“Thank You! We Could Not Have Done This Without You”


Volunteer appreciation can be a bit tricky…

What works for some, does not work for others.

One size does not fit all.

Once you understand and accept this fact, the real work for a volunteer manager begins!

Understanding what motivates someone to volunteer and meeting their expectations is key to retention.  Higher volunteer retention means less turnover and a reduction in the resources dedicated to recruiting new volunteers.  According to Sharlene Cunningham of Propellus, the 80/20 rule applies to the recruitment/retention of volunteers.  Unfortunately, many organizations spend 80% of their time on recruiting & intake and only 20% of their time on retention.

It all starts with the application or intake form.  Make sure to include questions that collect information on both motivation and recognition/appreciation preferences of the volunteer so that it can be stored, retrieved and used as and when necessary.

What motivates a volunteer?  Here are just a few of the most common reasons:

  1. Desire to give back to the community/self-fulfillment
  2. Meet new people for social or career purposes
  3. To have fun & stay active physically and/or mentally
  4. Gain experience & develop new skills for resume
  5. Utilize & maintain current skills
  6. Fulfill a school, church, youth group or legal requirement
  7. “To get out of the house” (i.e. new moms looking for a break)
  8. Personal interest in a special cause (i.e. ending homelessness)
  9. Gain recognition, self-esteem, power & influence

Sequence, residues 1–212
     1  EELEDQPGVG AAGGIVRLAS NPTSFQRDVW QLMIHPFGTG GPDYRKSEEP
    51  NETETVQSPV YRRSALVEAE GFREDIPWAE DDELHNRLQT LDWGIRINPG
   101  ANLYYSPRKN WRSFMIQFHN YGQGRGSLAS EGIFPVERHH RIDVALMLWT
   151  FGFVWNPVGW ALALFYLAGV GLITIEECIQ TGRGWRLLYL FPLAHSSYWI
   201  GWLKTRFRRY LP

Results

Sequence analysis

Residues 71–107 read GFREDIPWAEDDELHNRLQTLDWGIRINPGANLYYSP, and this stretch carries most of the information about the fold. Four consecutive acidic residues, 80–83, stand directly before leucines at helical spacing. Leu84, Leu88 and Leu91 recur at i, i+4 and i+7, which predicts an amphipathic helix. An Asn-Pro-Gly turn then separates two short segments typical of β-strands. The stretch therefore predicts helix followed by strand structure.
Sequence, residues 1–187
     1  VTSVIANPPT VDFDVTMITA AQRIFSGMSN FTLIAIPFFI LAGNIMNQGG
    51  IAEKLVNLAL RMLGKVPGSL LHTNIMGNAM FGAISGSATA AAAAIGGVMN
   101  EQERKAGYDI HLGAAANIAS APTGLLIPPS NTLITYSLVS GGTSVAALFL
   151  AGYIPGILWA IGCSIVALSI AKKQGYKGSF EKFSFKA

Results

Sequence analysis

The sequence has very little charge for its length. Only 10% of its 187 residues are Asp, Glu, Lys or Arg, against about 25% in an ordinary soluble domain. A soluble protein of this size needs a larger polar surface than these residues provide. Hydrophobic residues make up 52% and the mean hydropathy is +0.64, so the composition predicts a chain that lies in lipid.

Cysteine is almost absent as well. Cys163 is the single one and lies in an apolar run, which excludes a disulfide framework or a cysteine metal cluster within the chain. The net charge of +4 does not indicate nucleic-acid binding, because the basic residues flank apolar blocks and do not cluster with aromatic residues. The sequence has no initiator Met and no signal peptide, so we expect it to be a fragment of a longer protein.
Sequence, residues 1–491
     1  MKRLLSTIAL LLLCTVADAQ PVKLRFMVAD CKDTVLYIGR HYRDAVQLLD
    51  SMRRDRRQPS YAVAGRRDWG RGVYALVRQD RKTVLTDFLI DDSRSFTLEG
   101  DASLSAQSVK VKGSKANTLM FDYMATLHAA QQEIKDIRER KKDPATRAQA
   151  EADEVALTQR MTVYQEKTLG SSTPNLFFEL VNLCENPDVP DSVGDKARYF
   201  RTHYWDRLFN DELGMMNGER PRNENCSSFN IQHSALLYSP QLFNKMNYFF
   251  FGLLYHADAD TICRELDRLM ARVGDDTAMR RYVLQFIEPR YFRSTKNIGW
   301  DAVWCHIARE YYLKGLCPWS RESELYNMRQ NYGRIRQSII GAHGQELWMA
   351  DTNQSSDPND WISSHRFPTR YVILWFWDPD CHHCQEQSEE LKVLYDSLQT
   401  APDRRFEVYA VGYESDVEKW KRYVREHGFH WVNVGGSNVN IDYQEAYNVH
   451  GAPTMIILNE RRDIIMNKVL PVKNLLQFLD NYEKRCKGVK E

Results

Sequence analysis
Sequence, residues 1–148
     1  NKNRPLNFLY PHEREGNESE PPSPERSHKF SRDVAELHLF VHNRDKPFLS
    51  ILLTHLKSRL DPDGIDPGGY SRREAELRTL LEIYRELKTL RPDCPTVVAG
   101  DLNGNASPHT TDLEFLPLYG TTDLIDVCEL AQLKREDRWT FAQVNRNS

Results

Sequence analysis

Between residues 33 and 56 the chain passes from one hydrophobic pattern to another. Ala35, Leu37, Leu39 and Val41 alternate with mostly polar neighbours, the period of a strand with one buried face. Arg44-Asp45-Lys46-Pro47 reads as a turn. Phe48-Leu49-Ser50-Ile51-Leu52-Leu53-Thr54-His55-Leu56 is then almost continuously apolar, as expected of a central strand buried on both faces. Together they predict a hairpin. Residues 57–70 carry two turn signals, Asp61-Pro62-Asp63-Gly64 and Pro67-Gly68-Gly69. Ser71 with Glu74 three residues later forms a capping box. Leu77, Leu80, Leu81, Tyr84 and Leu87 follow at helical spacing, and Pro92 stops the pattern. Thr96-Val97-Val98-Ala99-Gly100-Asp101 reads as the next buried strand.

10. As a form of therapy to get back to a normal life

What forms of recognition & appreciation are available?  The following list provides a good start:

  1. “Gifts & Goodies” – small tokens of appreciation
  2. “Meet & Mingle” – small informal social gatherings
  3. “Heartfelt Hooray” – personal, verbal & sincere thank you
  4. “Did I Make a Difference?” – communication of impact
  5. “Tangible Evidence” – letters of reference, certificates
  6. “Formal Applause” – public recognition, awards, banquets
  7. “Power & Influence” – title, rank, special privileges & opportunities.

Another approach is to use the Volunteer Recognition Tool developed by Volunteer Canada and Investors Group.  This online questionnaire was based on the research published as the 2013 Volunteer Recognition Study.  The key findings of this study are very interesting!

Top two ways volunteers want to be recognized:

• 80% stated that they would like to be recognized or thanked by the organization they volunteer for by hearing about how their work has made a difference.

• Close to 70% stated they would like to be recognized by being thanked in person on an ongoing, informal basis.

Least preferred ways volunteers want to be recognized: